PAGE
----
The Tel Burna Archaeological Project
The site of Tel Burna is located in the Shephelah region, which served as a border between the kingdoms of Judah and Philistia in the Iron Age. A fertile area that supported agricultural production, the region became known as the breadbasket of the south and as suggested before by some scholars, we believe that the site is the best candidate for Biblical Libnah. The tel’s prominence is notable in its flat-topped shape, extensive size, and fortification which are still visible today. Survey finds from the 2009 season indicate that the city was an important entity in the Bronze and Iron Ages.
After two seasons of excavation – totaling 6 weeks in the field and working in 14 squares, the following sequence of settlement history at the site has developed:
- The Late Bronze Age IIB (13th Century BCE): these layers have been exposed on the western terrace below the summit. Two-three surfaces have been exposed, as well as a well-built wall, and a tabun. it seems these are all part of a domestic area, which will be continued to be exposed in future seasons. Finds from this area include many animal bones (probably related to cooking activities in the courtyard), several flint blades, pottery for restoration, a stone bowl, and two noses – parts of masks.
- Iron Age IIA (9th Century BCE) – levels of this period have been reached in the eastern section of the summit, both on the inside and outside of the fortifications, which were also in use during this period (see below). outside the fortification a surface with several smashed vessels was discovered, indicating that settlement extended outside the walls to the east (as opposed to the west, where the Philistine threat was more prominent). On the interior of the inner wall of the city, a 9th Century installation, built against the wall, was found with pottery – including a very nice hand-burnished bowl – and rows of loomweights.
- Iron Age IIB (8th Century BCE) – The 8th Century Remains cover the entire summit, as revealed by the 8th Century levels exposed in relation to the fortifications, and primarily the 8th Century architecture in the center of the summit, including a flagstone pavement, a beaten earth surface with vessels and loomweights and an LMLK stamped handle.
- Iron Age IIC (7th Century BCE) – Numerous silos and some architecture related to these silos date to the 7th Century. several of these have been excavated and found to store grains. One silo cuts the inner wall, indicating that the inner wall was no longer in use in the 7th Century BCE.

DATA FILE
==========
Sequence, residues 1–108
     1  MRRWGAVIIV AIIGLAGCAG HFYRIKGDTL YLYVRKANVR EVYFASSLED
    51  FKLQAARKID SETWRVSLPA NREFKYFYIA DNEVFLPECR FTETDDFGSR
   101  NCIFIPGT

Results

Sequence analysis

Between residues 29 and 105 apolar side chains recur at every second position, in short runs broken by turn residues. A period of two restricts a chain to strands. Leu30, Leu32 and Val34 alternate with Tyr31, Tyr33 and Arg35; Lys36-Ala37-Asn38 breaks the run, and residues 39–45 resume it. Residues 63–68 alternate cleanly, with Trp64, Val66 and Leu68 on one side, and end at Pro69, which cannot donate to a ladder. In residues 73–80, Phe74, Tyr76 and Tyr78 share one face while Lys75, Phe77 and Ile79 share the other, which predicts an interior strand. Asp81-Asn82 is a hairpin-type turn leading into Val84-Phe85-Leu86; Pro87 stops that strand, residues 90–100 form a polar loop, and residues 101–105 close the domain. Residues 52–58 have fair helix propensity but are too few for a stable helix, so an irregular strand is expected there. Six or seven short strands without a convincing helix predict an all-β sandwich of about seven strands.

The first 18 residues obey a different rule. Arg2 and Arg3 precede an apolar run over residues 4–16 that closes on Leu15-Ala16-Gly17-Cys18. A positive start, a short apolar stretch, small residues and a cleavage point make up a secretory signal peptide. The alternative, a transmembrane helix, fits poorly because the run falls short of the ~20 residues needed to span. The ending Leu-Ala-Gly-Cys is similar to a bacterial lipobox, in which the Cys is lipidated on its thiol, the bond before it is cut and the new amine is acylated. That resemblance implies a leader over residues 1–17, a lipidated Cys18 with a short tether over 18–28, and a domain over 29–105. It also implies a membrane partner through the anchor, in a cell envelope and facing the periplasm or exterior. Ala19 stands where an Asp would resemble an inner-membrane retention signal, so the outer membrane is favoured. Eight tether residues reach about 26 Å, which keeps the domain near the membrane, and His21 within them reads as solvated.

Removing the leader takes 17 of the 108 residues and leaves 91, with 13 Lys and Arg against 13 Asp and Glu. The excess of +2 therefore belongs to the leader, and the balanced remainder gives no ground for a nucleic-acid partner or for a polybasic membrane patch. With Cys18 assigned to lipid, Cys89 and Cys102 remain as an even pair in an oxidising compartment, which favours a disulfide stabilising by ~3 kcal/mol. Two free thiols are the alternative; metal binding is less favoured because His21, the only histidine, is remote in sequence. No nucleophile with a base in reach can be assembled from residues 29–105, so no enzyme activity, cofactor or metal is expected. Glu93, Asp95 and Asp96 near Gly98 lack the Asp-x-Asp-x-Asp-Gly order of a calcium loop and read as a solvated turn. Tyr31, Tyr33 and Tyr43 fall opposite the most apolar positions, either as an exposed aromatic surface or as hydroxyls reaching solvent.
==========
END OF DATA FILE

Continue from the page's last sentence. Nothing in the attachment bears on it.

- Persian Period – in the Persian Period, patchy architecture is built from boulders in secondary use. these walls are many times built upon the foundations of the Iron Age walls.
- The Fortifications – the fortification system around the entire summit has been exposed along ten meters, enabling us to understand the way in which it was built and the periods it was in use. First, surfaces and life levels running up to the walls from the 9th and 8th Centuries BCE indicate it was in use during this time. In addition, the 7th Century BCE silo that cuts the wall shows it was no longer in use by then. The fortification is typical of Judah in this period – two parallel walls, connected by smaller walls, which form rooms all along the edge of the summit. this type of wall is known as a casemate wall, where in times of distress, the rooms could be filled with rubble, creating a very thick wall. the wall has been exposed to a depth of almost 2 meters!
- Shovel test pits – we continue to excavate the pits, and expect to be out in November, doing some more of these on the lower slopes. The purpose of these pits is to collect data using different survey methods, in order to compare the different methods and help develop single-site survey methodology for multi-period sites. A total of 53 pits have been excavated thus far.
- Cleaning and documentation of agricultural installations and caves in the vicinity, in the pursuit of data on the use of the wider landscape.
- The study of Ancient Borders – we continue to collect data on both sides of the Judeo-Philistine border, in order to understand the way in which ancient borders worked, and how border communities functioned and were influenced by their neighbors.
- Community Archaeology – In pursuit of reconnecting archaeology to the interest of the broader public, we will continue to run an open excavation, that anyone is welcome to join, for as long as they like. In addition, we continue to work towards the preservation and reconstruction of features that will make the site more understandable and interesting to visitors.